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CNC milling or machining in broader terms, stands for Computer Numerical Control. It's a manufacturing process that involves the use of computer-controlled machines to remove material from a workpiece leaving behind your desired shape.

These machines hold a cutting tool, often an endmill, that gets spun at high RPM by the spindle, and then moved in, commonly, 3 axis: left/ right, front/ back, and up/ down. These are called X-axis, Y-axis, and Z-axis respectively. This movement is performed with a high level of precision, allowing for repeated and tight-tolerance parts to be machined.

Of course, the kind of machine you are using will play a critical role in its overall capabilities. Some machines are made for light-duty electrical board tracing at credit card scale, while others are made to hog out toughened steel at container ship propeller scale at a rapid pace. Two companies that manufacture industrial CNC machines are Tormach and HAAS CNC. Now, for hobbyists, there are other affordable solutions like AVID CNC and VCarve, which pose limitations on material use and performance. And for the record, I have no relationship with any company mentioned here.

Moving on to the process, how do you CNC machine a part at home?

First, you need to design your part in CAD, or Computer Aided Design. There are a lot to choose from, some examples are Fusion 360, Rhino 3D, Solidworks, and Onshape. By using these programs you can create your part as a 3D model or 2D lines.  

Second, the shape you created is imported into another software called CAM, Computer Aided Manufacturing. Its job is to translate your shape into machine code, called G-Code, that literally translates into the movement of the cutting tool. To achieve this it takes instructions from the user like the CNC dimensions, tooling, and raw stock dimensions and location. Next, through a specific interpreter, it translates that into G-Code that is then fed to the CNC machine via USB or the internet.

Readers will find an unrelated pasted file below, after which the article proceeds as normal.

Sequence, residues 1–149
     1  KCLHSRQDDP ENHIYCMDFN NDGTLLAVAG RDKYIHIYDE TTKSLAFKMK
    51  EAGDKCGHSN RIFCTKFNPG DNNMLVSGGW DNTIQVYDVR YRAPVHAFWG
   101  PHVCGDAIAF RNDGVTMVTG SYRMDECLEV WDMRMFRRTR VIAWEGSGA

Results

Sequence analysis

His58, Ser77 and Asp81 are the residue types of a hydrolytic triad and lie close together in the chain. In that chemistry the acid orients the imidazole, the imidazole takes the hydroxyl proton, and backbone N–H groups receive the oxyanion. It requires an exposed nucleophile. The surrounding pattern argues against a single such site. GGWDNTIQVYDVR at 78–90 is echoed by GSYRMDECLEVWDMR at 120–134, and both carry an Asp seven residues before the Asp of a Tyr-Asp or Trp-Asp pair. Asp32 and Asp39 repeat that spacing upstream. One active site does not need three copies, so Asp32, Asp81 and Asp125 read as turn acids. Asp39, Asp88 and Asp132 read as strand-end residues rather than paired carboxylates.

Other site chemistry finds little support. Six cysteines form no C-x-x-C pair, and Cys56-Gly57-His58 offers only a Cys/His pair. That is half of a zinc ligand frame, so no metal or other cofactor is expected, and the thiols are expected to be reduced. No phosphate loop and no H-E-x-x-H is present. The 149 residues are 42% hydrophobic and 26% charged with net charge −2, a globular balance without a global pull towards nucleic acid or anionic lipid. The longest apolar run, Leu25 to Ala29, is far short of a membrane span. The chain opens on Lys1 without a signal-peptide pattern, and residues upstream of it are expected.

Furthermore, the selection of your CAM program depends on the type of work you are aiming at. If you will be creating 2 dimensional shapes, 2.5D objects, 3D surfaces, or carving letters, then your choice should reflect that. Quick note, a lot of CAD software have a CAM section already built in, but here is a quick list as reference: SolidCAM, Estlcam, RhinoCAM, SprutCAM, and VCarvePro.

Lastly, head over to your CNC. Start by securely fixing your raw material onto the bed of your CNC. Locate the starting point of your G-Code and zero your machine at that location. This is very crucial and depending on your machine this can be achieved using different methods. A hobbyist will probably bring the cutting tool so close to the workpiece that a piece of paper will not be able to pass between the 2. On the other hand, a professional may include a zeroing procedure in his G-Code that uses a tool called CNC probe that will automatically fill in the exact location of the raw stock and update the rest of the G-Code using those values. After that, you start the program and the machine will go to town creating your part in no time.

Some challenges include the initial setup and programming, as well as the need for skilled operators to ensure the machine runs effectively and safely. Despite this, CNC machining has evolved with advancements in technology, such as the integration of more axis and automation.